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Make a lasting impression: Learn how to personalize just about any glass gift with this step-by-step etching guide 

click to enlarge DIY Impress everyone on your list with personalized glass etching; it's easier than you think!

Photos By Jayson Mellom

DIY Impress everyone on your list with personalized glass etching; it's easier than you think!

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Subtle frosted logos on wine glasses—the ones we used to get in local tasting rooms—inspired me to try making permanent designs on gifts like spice jars and Christmas tree ornaments.

I'd heard about DIY etching several years ago but hadn't tried it till this fall when I made a set of customized Mason jars as party favors. The process was surprisingly easy, and after etching a few more things, I've picked up some tricks.

Adhesive stencils are the way to go. I can make them with my Cricut die-cutting machine—if that sounds fun but you don't have such a device, check out MakerSpace in SLO. They've got a Silhouette Cameo vinyl cutter, and you don't need a special certification to use it. The helpful folks at MakerSpace said to just bring a black-and-white image of what you want to cut, and their computer software will do the rest. You might also want bring your own sheet of vinyl, which you can find for $1.99 each at Michaels and other craft stores.

If your eyes are crossing at the thought of making your own stencils, don't give up. Michaels has an entire aisle of adhesive stencil designs—just be sure to buy plastic or vinyl decals, not paper or screen ones.

I recommend starting with a relatively small design, especially if you're etching a curved surface—curves present several problems when it comes to keeping the design straight and bubble-free.

Finally, the etching cream can be found at a handful of local stores, including Michaels, Joann, Home Depot, and Walmart. I use Armour Etch, which costs $16 per bottle at Michaels (but you can use a 40 or 50 percent off coupon, available online).

Don't limit yourself to Mason jars and ornaments—wine glasses, tumblers, candle holders, mirrors, plaques, frames—just about anything made of clear glass can be customized.

click to enlarge Gather! - PHOTOS BY JAYSON MELLOM
  • Photos By Jayson Mellom
  • Gather!

1) Gather supplies

All you need to customize your gift is a bottle of etching cream, a brush, gloves, your glass item, and a stencil. I recommend using adhesive stencils (my homemade stencil is the blue one; Martha Stewart's set of stencils are in the package). I recommend doing your project outside—the acid etching cream stinks like vinegar and rotten eggs. Use gloves, wear an apron, lay down some paper or a disposable table cloth, and have paper towels on hand.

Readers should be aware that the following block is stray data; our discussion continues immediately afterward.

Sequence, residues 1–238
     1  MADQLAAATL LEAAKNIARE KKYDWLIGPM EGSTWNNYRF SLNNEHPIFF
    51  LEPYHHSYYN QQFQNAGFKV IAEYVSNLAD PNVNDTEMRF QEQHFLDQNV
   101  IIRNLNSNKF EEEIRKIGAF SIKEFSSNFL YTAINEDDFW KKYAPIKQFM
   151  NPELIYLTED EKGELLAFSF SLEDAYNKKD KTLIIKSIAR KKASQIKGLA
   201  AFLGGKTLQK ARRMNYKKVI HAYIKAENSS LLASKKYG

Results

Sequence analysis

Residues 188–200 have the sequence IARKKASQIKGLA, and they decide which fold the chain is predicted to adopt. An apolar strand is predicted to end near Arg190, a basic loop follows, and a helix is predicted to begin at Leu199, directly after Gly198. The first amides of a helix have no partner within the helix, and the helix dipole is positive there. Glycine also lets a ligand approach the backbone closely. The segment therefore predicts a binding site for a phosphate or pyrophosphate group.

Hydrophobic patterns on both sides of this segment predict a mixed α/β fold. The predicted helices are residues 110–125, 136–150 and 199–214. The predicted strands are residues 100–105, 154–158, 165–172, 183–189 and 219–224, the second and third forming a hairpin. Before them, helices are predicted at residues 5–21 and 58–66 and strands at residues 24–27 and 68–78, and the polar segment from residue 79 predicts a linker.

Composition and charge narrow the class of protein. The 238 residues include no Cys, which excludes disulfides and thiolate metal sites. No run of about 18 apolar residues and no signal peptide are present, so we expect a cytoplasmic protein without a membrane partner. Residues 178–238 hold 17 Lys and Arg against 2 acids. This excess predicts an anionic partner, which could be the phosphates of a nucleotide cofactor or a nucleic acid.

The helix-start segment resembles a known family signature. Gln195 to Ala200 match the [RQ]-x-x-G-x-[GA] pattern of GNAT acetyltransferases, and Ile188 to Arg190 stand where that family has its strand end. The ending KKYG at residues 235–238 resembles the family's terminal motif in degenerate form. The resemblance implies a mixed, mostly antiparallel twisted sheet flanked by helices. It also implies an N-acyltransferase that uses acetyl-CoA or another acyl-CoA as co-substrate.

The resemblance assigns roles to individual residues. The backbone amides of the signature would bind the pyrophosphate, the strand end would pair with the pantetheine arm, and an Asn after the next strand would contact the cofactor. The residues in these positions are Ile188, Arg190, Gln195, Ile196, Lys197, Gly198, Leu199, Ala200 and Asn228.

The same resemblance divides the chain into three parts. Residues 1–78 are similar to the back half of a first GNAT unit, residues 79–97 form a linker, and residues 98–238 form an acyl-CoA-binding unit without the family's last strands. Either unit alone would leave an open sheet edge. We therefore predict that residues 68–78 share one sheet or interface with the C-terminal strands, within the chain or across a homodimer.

click to enlarge Apply! - PHOTOS BY JAYSON MELLOM
  • Photos By Jayson Mellom
  • Apply!

2) Apply stencils

Place the stencil where you want your design to be. Take your time with this step, especially if you've got a curved surface—press and move any bubbles away from the edges of the stencil's design. If you've made your own stencil, make sure you've got a wide area around the edges to prevent the etching cream from spreading beyond what you want etched.

click to enlarge Etch! - PHOTOS BY JAYSON MELLOM
  • Photos By Jayson Mellom
  • Etch!

3) Apply etching cream

Scoop the etching cream onto the exposed glass within the stencil. You need a lot of cream for each design—it must be thickly applied and end up opaque. Carefully set your glass down, and let it sit for two to three minutes. The cream may slowly drip, so if possible, lay your glass down face up—just be careful to not jostle your work surface, lest the glass roll around.

click to enlarge Rinse! - PHOTOS BY JAYSON MELLOM
  • Photos By Jayson Mellom
  • Rinse!

4) Rinse

Keep your gloves on for this step. Rinse the cream from your glass piece; use low pressure from the faucet and be careful not to splash. Use your brush to rub the cream off the surface of the glass. Wash the piece thoroughly and dry with paper towels. Note: You won't be able to see the full effect of the etching until the glass is completely dry.

click to enlarge Remove! - PHOTOS BY JAYSON MELLOM
  • Photos By Jayson Mellom
  • Remove!

5) Remove stencils

You don't need gloves for this step, but you might need tweezers to help get the edges of the stencil material off, especially if you've used adhesive vinyl. If you've used a thicker pre-made stencil, you may need to rinse your glass piece again once the stencil is removed—there was still a little cream hiding in the edges of the ornament I made using a purchased stencil. If you've made an ornament or jar with a lid, be careful to avoid getting water inside—especially the ornaments; it takes a long time to get them completely dry inside.

click to enlarge Admire! - PHOTOS BY JAYSON MELLOM
  • Photos By Jayson Mellom
  • Admire!

6) Admire!

Your glass items are now one-of-a-kind gifts, permanently bearing your custom designs. Δ

Associate Editor Andrea Rooks' etched glasses are always half full. Send crafty optimism to arooks@newtimesslo.com.

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